Editor's Note: This week Slatecelebrates its 10th anniversary, an occasion we are marking with nostalgia and self-congratulation. In the spirit of equal time, we've asked some of the magazine's most persistent critics to tell us what's wrong with Slate.
There's also another danger with running political jokes, especially ones that aim at making a substantive political criticism in a substantive political magazine. The existence of a recurring joke column, whether "Bushisms" or the 2004 campaign season's "Kerryisms," tempts the author into finding facts to fit his joke template rather than building jokes around interesting or amusing facts.
One might think of it as the Independent Counsel problem, borrowing from what Justice Scalia (quoting Justice Jackson) said 10 years before the Clinton/Lewinsky matter (paragraph break added):
[W]hen a special-purpose independent prosecutor is chosen, there's a special risk that he will pick people that he thinks he should get, rather than cases that need to be prosecuted. With the law books filled with a great assortment of crimes, a prosecutor stands a fair chance of finding at least a technical violation of some act on the part of almost anyone …
It is in this realm—in which the prosecutor picks some person whom he dislikes or desires to embarrass, or selects some group of unpopular persons and then looks for an offense—that the greatest danger of abuse of prosecuting power lies. It is here that law enforcement becomes personal, and the real crime becomes that of being unpopular with the predominant or governing group, being attached to the wrong political views, or being personally obnoxious to or in the way of the prosecutor himself.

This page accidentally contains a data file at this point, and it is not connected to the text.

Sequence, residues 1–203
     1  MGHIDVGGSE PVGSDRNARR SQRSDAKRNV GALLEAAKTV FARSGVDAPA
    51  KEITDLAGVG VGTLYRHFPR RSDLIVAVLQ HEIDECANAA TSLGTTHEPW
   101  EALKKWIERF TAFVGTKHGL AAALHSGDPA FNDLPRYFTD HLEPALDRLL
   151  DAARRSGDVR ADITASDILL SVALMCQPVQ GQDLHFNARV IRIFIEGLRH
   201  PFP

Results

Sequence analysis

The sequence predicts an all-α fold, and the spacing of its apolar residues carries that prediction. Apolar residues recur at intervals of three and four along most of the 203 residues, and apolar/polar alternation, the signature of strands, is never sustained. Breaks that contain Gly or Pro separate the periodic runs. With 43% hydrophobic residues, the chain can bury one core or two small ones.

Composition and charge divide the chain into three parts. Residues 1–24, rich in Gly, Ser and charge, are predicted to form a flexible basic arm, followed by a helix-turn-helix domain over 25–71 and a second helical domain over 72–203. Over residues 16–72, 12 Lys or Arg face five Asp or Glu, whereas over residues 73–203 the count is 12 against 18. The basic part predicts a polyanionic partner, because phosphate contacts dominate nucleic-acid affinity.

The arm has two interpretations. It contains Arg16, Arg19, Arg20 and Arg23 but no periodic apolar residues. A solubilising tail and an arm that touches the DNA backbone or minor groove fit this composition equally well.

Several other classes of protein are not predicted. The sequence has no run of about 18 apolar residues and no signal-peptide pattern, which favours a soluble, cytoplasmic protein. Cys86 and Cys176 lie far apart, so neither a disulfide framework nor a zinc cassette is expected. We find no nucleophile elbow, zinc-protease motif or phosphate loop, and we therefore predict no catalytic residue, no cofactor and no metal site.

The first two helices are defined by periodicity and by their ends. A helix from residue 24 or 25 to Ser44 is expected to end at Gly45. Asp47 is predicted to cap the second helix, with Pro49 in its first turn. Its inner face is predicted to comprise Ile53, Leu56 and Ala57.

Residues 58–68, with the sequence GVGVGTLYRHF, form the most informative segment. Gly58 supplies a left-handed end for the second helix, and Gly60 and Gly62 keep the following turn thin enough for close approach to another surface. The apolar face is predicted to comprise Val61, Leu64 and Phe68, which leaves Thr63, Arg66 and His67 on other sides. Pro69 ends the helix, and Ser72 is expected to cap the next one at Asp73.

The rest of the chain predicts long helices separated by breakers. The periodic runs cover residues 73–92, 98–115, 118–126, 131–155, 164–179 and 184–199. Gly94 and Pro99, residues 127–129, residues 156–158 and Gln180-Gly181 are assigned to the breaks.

The harms caused by excessive prosecutorial zeal are of course greater than the harms caused by excessive journalistic zeal, especially in the lighthearted field of poking fun at politicians' foibles. Still, journalists, like prosecutors, may lose a necessary sense of perspective and fairness if they set their agenda to be "Let's find something that X did wrong," rather than "Let's find something that someone did wrong, whoever that someone might be."
Petty errors of the sort that ordinary speakers (especially tired ordinary speakers) routinely make may thus get blown up into an occasion for mockery. Necessarily careful answers may get blown up into supposedly improper "caveats and embellishments," and get pejoratively labeled "Kerryisms" even when the question really does call for a complex answer rather than a simplistic one. That's not the recipe either for fair commentary or for effective political humor.
If Slate were just a humor magazine, then keeping journalistic perspective and even a sense of fairness might be less important. If it were just a policy or politics magazine, then being funny would be less important. But given that Slate tries to have both serious content and a sense of humor, it needs to uphold the standards of both genres.